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The EU is urging Germany to include a profit-based backstop in its €1.75 billion ($1.9017 billion) payout for the early shutdown of the operations of its second-largest coal miner. A state payment of up to €1.2 billion to an entity of Czech billionaire Daniel Kretinsky’s EPH Group AG has been preliminarily approved by the European Commission, according to Germany’s economy ministry. The remainder of the payout will depend on the future profitability of the assets.

The approved sum, as reported by Bloomberg on May 31, is intended to cover costs for mine rehabilitations, closures, and the impact on jobs. To prevent overcompensation, Lausitz Energie Bergbau AG (LEAG) will be required to provide proof of future costs and will be compensated from the remaining sum of €550 million, according to a letter from the EU’s Competition Commissioner Margrethe Vestager.

Germany is working to accelerate the phaseout of coal in its power generation mix after failing to meet its emissions reduction targets. In 2020, the government agreed to pay billions of euros in compensation to LEAG and RWE AG to shut down coal-fired power plants by 2038. Now, to cut carbon emissions faster, the state is negotiating to advance the coal exit by eight years.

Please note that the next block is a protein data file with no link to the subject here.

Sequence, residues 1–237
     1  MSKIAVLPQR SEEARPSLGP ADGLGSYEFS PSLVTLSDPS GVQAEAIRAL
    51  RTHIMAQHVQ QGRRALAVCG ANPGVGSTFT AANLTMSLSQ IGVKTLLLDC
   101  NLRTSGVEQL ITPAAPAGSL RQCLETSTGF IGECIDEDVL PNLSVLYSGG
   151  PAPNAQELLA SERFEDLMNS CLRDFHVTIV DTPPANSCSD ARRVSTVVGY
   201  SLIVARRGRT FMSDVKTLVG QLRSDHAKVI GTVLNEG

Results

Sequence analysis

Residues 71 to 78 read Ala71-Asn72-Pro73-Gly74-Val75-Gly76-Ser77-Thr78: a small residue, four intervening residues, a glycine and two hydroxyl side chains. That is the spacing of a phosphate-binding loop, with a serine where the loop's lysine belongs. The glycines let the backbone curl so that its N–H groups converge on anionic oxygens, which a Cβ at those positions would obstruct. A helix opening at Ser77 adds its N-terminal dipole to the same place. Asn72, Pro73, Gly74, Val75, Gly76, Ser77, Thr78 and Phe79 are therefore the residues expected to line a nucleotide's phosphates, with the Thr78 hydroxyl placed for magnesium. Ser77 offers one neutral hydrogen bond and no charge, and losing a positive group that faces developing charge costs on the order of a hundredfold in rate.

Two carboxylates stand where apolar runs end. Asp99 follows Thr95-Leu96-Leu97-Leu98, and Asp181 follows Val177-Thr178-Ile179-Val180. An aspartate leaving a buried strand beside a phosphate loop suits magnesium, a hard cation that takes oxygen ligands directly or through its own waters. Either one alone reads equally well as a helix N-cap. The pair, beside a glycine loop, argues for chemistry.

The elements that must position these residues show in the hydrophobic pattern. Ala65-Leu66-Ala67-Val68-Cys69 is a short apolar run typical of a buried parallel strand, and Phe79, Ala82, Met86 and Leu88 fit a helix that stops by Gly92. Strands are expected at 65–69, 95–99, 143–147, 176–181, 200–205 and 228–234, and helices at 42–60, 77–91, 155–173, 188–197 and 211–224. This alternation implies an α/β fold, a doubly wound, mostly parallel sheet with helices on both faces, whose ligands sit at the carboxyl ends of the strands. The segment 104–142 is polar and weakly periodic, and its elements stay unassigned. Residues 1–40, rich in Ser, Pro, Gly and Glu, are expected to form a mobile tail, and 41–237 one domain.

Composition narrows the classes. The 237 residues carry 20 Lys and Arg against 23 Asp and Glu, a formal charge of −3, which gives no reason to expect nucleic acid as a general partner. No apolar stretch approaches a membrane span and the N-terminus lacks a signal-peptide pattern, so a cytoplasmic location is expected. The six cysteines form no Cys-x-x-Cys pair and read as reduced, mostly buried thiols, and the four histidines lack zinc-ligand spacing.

In 2022, RWE agreed to a 2030 phaseout and will receive €2.6 billion in state payments. LEAG is still negotiating, aiming to continue burning coal beyond the end of the decade. Fossil fuel plants have to pay for carbon permits, and rising costs could squeeze coal profits. The backstop measure is designed to address this—if LEAG shuts down plants early due to unprofitability, the subsidy would be reduced. LEAG maintains that coal will remain profitable until 2038, the current legal exit date.

“This is a bet on the future,” economy minister Robert Habeck said at a press conference in Berlin, noting the difficulty in calculating foregone profits for 2038. The European Commission still needs to give its final decision on the payment.

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